BackgroundThe aim of this study was to investigate the clinical value of liquid biopsy as a primary source for variant analysis in lung cancer. In addition, we sought to characterize liquid biopsy variants and to correlate mutational load to clinical data.
MethodsCirculating cell-free DNA was extracted from plasma from patients with lung cancer (n = 60) and controls with benign lung disease (n = 16). Variant analysis was performed using the AVENIO ctDNA Surveillance kit and the results were correlated to clinical and variant analysis data from tumor tissue or cytology retrieved from clinical routine diagnostics.
ResultsThere were significantly more variants detected in lung cancer cases compared to controls (p = 0.011), but no difference between the histological subgroups of lung cancer was found (p = 0.465). Furthermore, significantly more variants were detected in patients with stage IIIb-IV disease compared to patients with stage I-IIIa (median 7 vs 4, p = 0.017). Plasma cfDNA mutational load was significantly associated with overall survival (p = 0.010). The association persisted when adjusted for stage and ECOG performance status (HR: 3.64, 95% CI 1.37-9.67, p = 0.009). Agreement between tumor and plasma samples significantly differed with stage; patients with stage IIIb-IV disease showed agreement in 88.2% of the cases with clinically relevant variants, compared to zero cases in stage I-IIIa (p = 0.004). Furthermore, one variant in EGFR, two in KRAS, and one in BRAF were detected in plasma but not in tumor samples.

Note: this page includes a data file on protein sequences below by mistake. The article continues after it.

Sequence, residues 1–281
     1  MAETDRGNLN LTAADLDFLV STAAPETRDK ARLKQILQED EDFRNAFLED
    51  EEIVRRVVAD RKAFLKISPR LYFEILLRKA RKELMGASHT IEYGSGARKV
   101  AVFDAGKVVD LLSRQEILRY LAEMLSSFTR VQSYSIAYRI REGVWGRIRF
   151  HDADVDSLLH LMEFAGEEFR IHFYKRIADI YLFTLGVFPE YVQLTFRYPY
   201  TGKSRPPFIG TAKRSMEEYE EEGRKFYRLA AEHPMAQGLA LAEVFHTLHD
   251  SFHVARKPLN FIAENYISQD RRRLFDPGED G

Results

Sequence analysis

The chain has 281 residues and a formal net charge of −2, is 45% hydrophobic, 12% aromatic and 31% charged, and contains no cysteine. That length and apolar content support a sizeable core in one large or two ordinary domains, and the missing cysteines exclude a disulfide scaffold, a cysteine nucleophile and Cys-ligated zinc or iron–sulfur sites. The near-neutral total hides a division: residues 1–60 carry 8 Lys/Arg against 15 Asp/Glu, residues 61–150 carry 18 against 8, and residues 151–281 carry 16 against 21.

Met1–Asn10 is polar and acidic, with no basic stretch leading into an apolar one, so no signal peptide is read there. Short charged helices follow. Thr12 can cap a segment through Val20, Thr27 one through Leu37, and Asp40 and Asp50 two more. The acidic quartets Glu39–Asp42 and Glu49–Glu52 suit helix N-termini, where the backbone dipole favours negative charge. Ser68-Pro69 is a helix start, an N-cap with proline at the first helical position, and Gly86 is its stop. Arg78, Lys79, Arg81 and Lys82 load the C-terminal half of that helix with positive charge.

ConclusionThis study concludes that in the vast majority of advanced NSCLC patients a reliable variant analysis can be performed using liquid biopsy from plasma. Furthermore, we found that the number of variants in plasma is associated with prognosis, possibly indicating a strategy for closer follow up on this crucial patient group.